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Volgodonsk: 9yearslater
Written by   
, 18 2009
In the years following the powerful explosion, few wanted to know how the city was getting along. Itturns out that it did not survive the terror attack.
1On September 16th, 1999, at 5:58 am, a GAZ-53 truck full of RDX exploded in a residential district of the city of Volgodonsk. Thepower of the explosion was equivalent to 2tons of TNT. Theexplosion damaged 39houses. 15,280 people, every tenth resident of the city, were affected, more than any other terrorist attack on Russian territory. 19were killed. Thedeath toll could have been much greater, but there was some good luck: buildings located in the center of the blast were built according to unique earthquake-resistant designs.
On January 12th, 2004, in a closed trial in Moscow city court, Adam Dekkushev and Yusuf Krymshamkhalov, natives of the North Caucasus, were found guilty of the apartment bombings in Moscow and Volgodonsk, and sentenced to life imprisonment. Theywere the only persons the state brought to trial.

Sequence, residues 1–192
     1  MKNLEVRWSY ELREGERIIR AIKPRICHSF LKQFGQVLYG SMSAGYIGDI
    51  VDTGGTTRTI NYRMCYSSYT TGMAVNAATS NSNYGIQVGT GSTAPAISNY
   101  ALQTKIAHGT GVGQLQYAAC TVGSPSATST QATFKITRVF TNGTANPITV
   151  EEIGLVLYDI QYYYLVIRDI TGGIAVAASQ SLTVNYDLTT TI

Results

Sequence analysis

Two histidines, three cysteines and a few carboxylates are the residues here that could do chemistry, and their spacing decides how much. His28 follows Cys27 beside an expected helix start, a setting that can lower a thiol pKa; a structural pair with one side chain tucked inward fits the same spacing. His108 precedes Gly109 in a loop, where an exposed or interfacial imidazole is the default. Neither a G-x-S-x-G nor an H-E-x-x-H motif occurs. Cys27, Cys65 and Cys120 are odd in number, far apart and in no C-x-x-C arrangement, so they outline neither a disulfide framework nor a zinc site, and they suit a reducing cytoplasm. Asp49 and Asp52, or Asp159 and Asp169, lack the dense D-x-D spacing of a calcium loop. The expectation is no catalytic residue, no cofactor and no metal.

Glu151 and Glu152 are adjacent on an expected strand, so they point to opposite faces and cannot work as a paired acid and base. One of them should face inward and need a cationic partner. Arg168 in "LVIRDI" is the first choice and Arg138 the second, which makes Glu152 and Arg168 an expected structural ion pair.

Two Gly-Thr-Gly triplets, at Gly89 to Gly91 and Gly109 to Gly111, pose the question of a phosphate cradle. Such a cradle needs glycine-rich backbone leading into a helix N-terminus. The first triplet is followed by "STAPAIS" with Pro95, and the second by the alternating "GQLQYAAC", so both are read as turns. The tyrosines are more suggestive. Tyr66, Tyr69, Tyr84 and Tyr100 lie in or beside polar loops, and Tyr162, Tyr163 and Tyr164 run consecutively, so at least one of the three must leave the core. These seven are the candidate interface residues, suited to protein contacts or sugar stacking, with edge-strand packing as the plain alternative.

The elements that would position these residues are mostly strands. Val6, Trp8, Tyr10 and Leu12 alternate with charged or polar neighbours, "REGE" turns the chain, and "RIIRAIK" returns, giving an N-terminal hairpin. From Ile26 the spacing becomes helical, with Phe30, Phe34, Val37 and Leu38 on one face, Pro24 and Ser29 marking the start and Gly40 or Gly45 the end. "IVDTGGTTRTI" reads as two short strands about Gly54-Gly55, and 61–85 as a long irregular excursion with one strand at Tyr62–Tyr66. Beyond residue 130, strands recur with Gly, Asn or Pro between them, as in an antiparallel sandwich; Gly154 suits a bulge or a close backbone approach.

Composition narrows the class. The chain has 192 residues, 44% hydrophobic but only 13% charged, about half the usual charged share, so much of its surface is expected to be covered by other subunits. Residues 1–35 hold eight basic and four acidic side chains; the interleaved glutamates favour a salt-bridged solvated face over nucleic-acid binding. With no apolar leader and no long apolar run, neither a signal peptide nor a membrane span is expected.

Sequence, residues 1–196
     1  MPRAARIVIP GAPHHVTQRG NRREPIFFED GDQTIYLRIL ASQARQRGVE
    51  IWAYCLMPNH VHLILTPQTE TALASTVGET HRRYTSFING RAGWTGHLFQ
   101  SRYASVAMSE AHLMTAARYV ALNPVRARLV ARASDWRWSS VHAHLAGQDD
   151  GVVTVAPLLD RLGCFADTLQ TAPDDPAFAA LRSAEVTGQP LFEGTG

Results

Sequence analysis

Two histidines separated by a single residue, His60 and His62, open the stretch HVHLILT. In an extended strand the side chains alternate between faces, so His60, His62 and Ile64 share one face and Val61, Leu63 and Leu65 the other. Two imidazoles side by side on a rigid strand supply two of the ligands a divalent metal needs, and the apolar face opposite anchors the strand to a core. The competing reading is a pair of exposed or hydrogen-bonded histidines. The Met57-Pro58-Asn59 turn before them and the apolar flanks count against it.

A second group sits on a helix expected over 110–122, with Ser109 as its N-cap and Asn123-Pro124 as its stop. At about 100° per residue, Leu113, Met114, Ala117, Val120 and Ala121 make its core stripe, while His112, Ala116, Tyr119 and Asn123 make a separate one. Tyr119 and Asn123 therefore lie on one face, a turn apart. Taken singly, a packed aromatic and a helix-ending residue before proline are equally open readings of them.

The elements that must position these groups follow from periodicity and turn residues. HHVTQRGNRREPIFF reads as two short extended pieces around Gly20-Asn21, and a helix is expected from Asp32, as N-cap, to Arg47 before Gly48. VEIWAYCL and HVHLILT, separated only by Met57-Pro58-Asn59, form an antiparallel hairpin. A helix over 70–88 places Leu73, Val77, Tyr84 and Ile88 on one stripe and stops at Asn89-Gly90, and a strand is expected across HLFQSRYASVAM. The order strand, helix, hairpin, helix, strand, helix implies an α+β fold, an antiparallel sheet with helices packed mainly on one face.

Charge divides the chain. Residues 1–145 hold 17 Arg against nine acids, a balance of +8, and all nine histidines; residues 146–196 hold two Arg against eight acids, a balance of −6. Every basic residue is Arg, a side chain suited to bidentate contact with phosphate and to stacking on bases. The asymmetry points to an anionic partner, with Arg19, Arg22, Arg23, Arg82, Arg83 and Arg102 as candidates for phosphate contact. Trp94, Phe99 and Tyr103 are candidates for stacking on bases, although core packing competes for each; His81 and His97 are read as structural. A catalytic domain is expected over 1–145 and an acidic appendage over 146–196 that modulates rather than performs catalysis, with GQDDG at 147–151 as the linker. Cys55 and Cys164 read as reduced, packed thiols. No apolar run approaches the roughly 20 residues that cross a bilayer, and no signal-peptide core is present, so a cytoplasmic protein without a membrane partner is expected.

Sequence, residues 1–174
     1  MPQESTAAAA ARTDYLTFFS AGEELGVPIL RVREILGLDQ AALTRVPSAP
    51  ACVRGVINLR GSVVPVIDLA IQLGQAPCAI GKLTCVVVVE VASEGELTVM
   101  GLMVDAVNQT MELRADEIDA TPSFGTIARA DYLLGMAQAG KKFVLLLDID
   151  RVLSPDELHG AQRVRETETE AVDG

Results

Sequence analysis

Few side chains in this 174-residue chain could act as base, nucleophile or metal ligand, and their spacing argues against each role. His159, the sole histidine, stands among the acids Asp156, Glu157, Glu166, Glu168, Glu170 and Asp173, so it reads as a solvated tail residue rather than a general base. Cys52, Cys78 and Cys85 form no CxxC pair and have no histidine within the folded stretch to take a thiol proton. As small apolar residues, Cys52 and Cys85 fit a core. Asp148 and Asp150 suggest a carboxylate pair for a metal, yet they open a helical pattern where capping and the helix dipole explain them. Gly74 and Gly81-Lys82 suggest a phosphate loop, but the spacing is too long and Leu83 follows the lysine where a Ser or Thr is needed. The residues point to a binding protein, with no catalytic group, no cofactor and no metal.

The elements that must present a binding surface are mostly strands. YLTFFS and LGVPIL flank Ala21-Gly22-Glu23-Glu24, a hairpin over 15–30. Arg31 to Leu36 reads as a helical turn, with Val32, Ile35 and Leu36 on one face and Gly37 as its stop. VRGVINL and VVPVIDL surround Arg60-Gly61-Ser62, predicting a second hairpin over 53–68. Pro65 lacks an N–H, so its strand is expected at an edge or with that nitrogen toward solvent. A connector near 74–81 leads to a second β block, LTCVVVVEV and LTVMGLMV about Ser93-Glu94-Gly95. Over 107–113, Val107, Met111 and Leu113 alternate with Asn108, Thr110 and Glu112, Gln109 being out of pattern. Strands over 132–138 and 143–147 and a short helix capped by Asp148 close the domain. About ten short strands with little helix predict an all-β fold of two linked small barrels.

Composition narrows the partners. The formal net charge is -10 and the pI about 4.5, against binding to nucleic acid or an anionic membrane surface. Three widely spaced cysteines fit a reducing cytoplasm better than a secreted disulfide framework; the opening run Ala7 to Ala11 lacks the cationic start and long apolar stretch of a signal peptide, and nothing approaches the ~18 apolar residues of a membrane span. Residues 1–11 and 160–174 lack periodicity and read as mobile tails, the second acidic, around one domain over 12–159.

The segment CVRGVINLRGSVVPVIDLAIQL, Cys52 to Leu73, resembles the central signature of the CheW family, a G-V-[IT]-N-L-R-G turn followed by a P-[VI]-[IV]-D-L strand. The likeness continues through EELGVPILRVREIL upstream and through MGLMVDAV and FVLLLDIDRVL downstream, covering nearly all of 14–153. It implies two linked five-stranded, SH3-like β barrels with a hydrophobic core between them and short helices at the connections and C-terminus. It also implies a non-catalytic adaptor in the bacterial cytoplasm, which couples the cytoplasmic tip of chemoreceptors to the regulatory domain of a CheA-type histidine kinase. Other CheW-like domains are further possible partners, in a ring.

1"They say that it is about time you forgot about this terrorist attack. Buthow can one forget?"
We walk with Nina Kravtsova through the streets of Volgodonsk. Ninastumbles on level ground, and Ibarely have time to catch her. Nowadays Nina often stumbles. After the explosion, atrophy of the optic nerves began, and now Nina only sees 8% of the world.
In what way are Volgodonsk residents similar? Theytalk loudly, because almost all of them have some hearing loss. Theywear glasses. Theyalways have their passports on them. Theyare not ashamed to talk about their illnesses, even with strangers. Every conversation begins with the terror attack. Theyenthusiastically speak about how glass is still coming out of their bodies: First it itches, then there's kind of a pimple, and then a shiny edge comes out. They are easily offended, and easily irritated. Theyare afraid of loud noises. Every day they wake up at six in the morning without an alarm clock.
There is nothing at the site of the explosion. Metal bellows in cheerful colors now cover the apartment buildings were scarred by flying rubble. Themetal hides the seams of the concrete wall panels. Inthe distance, in a little open patch between the buildings, there is a monument to the victims of the terror attack: a man hiding his head between his knees. Nextto it are plastic wreaths. Ithas been a long time since anyone brought fresh flowers here.